1. I find that sometimes the wait for a book seems long (because they are assuming that every borrower who has reserved it will keep it for the full 3 weeks) but that the queue often gets shorter as people drop out/finish early. The selection of books is I think generally good – a variety of genres and age ranges. It changes every so often and they get rid of authors’ backlists sometimes (for example, they used to have all Bill Bryson’s and Kazuo Ishiguro’s books on there). I have no idea how it works with different library services but my best guess is that there are several in some kind of consortium, with the selection partly reliant on which publishers allow their books to be e-library books (because not all publishers do). Thanks for your comment!

  2. I am pretty much the same as you for buying books. The library I use for audio books and I get them via Borrowbox. Also I use Audible and we have a phone box in our village where we have a book swap!

    1. I find I can’t get into audiobooks (my concentration is not good when listening to things!) but there is a good choice of them through the library on Borrowbox. I love the phone box book swap idea! Also some train stations and shops do this.

      1. I find audiobooks are ideal when I am out in the garden weeding, if I just sit and listen I nod off to sleep if I’m not careful! Borrowbox is fab and gives a really good choice.

  3. I wish I had all these possibilities… the library only has a very small selection of English books and equally in the charity shops (for 4, 5 eur). Since books are so expensive here (often 19,99 eur but English hardbacks are even pricier) everyone likes to keep books. There are also only a handful of English bookshops here, so I was ever so happy when I learned about Bookdepository ๐Ÿ˜ Itโ€™s my nยฐ 1 bookshop now.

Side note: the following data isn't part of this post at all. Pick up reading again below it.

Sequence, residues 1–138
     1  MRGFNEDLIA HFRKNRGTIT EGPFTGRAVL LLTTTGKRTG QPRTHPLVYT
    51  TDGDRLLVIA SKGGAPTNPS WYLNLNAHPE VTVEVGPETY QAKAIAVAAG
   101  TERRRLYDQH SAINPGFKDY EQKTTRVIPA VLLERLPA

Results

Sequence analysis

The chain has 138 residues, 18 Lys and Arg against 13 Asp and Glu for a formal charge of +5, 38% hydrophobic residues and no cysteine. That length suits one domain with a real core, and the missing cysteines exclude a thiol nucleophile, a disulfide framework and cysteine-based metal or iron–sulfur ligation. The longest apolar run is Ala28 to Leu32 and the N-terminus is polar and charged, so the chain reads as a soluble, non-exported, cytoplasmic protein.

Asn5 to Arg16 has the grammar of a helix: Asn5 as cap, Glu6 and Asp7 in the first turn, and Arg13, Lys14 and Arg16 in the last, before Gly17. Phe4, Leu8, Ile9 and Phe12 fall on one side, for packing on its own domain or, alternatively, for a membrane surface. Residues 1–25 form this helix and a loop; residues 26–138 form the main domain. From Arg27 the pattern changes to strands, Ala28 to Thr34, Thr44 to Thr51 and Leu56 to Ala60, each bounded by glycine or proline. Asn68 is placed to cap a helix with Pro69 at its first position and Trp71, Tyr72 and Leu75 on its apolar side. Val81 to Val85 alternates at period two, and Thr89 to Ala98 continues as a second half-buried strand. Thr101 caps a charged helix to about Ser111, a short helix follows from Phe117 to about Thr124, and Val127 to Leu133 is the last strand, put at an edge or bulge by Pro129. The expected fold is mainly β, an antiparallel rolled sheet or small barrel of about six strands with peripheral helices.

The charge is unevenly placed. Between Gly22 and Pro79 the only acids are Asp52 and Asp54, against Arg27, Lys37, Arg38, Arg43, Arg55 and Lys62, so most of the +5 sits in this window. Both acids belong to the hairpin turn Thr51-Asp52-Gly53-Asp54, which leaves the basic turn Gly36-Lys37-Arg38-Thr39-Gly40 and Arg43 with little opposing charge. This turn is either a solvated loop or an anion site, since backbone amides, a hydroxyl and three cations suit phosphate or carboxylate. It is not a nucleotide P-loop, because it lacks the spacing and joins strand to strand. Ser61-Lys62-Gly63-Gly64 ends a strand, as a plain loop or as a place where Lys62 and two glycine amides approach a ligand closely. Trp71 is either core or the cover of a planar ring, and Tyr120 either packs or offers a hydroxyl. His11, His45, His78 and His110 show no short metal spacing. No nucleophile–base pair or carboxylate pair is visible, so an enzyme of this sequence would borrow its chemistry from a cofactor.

1. Hooray for Book Depository ๐Ÿ˜€
      It must be so frustrating getting hold of all the English books you want.
      I imagine that receiving books in exchange for review becomes an important source of books for bloggers in countries where English is not the main language.

    1. It seems I’m lucky to have so many choices! Do you read books in French too?

  4. Aww that cat ๐Ÿ˜๐Ÿ˜ I’ve acquired so many books from different sources over the years and many of them have been gifts or some treasured charity finds handed down from people as well as things i’ve found myself. If I’m honest I rarely buy full price books either. Authors complain about shops like The Works but if it wasn’t for some of the cheaper shops out there I wouldn’t have read as many books as I have, including a lot of classics I got from my local Works shop when it was closing down (it re-opened further down the high-street!๐Ÿ˜‚)
    I moved not too long ago from a place that had a brilliant library which had a good selection of a range of genres, and regularly got hold of new titles, to a library which really doesn’t have much new stuff coming in, plus they now charge me if I want to reserve anything or request a new title ๐Ÿ˜ฎ I think the digital selection of books is probably better but I don’t read many ebooks at the moment due to my eyes not tolerating looking at text on a phone/computer for long periods and I don’t have a working ereader at the moment that doesn’t hurt my eyes.